Jason Lopatecki and Harrison Chu headshots

Towards Monosemanticity: Decomposing Language Models With Dictionary Learning

Sarah Welsh



In this paper read, we discuss “Towards Monosemanticity: Decomposing Language Models With Dictionary Learning,” a paper from Anthropic that addresses the challenge of understanding the inner workings of neural networks, drawing parallels with the complexity of human brain function. It explores the concept of “features,” (patterns of neuron activations) providing a more interpretable way to dissect neural networks. By decomposing a layer of neurons into thousands of features, this approach uncovers hidden model properties that are not evident when examining individual neurons. These features are demonstrated to be more interpretable and consistent, offering the potential to steer model behavior and improve AI safety.


Dive in:



Overview of the Research

Jason Lopatecki, CEO, Arize AI: This is a really good one. I actually think the work done in this paper is pretty amazing. You know, the thought in the write up around it is probably some of the better visuals, some of the best put together kind of insights. I thought it was really well done.

Harrison Chu, Director of Engineering, Arize AI: Yeah it’s pretty rare that you get to paper this length and wish there was more. I mean there was just an intense, amazing amount of stuff that’s pretty applicable. Pretty mind blowing, so I’m excited to go through it.

Jason Lopatecki: Why don’t we kick it off? Harrison put together just an overview, a couple of slides with quick takeaways of the paper, and then we’ll probably go through that first, which gives an overview of the ideas and material behind it, and then we’ll hop into different sections and different visuals within it. So for all of you don’t know what this paper is, Anthropic put out a paper around understanding, it’s kind of an interpretability paper, and I guess the background is, there’s been a lot of approaches which I completely think are the wrong direction, and I think they made a really good case here. So this is one of the best approaches I’ve seen for understanding interpretability inside these large language models.

Harrison will start with the material here, and then we’ll hop directly into the paper.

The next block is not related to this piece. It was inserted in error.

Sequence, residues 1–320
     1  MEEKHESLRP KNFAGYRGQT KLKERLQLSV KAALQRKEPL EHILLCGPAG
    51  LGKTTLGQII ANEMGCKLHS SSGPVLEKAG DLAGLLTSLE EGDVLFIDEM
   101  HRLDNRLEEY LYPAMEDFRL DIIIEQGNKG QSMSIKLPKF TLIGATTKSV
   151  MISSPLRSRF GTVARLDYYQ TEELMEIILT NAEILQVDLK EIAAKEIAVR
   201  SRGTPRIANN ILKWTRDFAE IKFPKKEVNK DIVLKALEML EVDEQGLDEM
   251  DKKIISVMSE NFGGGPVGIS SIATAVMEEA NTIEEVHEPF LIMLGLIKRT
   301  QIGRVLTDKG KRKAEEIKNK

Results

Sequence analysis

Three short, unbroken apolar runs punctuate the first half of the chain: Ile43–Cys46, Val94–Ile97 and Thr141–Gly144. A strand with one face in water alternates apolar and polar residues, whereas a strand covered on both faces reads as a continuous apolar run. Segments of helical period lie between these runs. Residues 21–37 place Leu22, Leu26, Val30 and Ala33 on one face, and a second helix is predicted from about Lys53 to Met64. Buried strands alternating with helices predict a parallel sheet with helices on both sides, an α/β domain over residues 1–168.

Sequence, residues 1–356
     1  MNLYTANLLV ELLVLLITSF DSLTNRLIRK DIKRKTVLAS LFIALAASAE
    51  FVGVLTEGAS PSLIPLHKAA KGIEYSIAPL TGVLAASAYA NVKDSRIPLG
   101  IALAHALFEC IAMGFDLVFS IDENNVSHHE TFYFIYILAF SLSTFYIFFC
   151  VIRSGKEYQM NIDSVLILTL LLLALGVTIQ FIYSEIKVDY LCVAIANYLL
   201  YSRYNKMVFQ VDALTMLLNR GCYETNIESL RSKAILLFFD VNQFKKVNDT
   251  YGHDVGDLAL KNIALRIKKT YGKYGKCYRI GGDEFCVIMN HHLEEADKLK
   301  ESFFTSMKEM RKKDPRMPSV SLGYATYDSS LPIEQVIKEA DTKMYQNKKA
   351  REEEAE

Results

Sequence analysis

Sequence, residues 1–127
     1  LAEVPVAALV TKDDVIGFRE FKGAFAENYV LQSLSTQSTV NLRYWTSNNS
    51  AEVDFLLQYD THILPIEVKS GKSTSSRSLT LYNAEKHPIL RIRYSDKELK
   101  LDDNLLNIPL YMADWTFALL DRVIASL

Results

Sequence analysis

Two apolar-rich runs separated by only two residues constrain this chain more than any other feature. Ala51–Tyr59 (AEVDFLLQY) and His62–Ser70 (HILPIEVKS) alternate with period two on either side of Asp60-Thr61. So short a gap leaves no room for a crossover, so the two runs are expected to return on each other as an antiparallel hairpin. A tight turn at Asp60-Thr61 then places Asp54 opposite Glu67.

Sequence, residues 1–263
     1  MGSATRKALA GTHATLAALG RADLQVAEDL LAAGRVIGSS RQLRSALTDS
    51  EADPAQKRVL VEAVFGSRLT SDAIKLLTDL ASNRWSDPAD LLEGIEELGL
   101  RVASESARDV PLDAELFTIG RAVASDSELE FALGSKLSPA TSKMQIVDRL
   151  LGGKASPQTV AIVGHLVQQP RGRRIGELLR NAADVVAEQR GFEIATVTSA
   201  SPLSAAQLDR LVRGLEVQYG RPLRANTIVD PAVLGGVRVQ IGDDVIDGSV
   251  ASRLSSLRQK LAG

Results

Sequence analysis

Harrison Chu: Cool.Thanks for coming everybody. What I was thinking I would do with these first few slides is to just break it down a little bit. So we’re all on the same page. As to the bigger the bigger ideas of the paper before we dive in. So I think Jason set it up quite well already. The problem is, you have these really large neural networks and we don’t know exactly what’s happening there. And why do we care? Well, if we have a mechanistic way of interpreting these models, we have a better way of steering them, controlling them with safety, alignment. 

Usually the analogy I give is, if you’re a mechanic, you should know something about how cars work–you don’t just want to know if you press the gas pedal the car goes. You need to have some understanding of the reasons as to why the car goes when you press the gas pedal, so you can fix the car when it brakes, or even make improvements to it. So that’s the general motivation behind why we want to do this. 

What does the paper mean by monosemanticity? I think the easiest way to think about it is just, you look at this meme that’s about existential risk neurons. It says: Just turn it off and you’re safe from us. 

existential risk neuron meme

Why is it funny? Well, I think it’s funny, because we all intuitively probably get that a single neuron doesn’t encode these human-level meaningful features. And in the first part of the paper, they say that the most natural unit is the neuron, but it’s probably not the unit we want to be looking at for human understanding. But because we’re humans, we do want some unit that represents a monosemantic, like a singular aspect of reality. Maybe it’s, you know, the likelihood that a text is Arabic or something, that is model semantic. That’s what the paper sets out to try and find, that is being said, we’re gonna take just a small detour to dive into what they mean by dictionary learning and the specific technique of dictionary learning they use.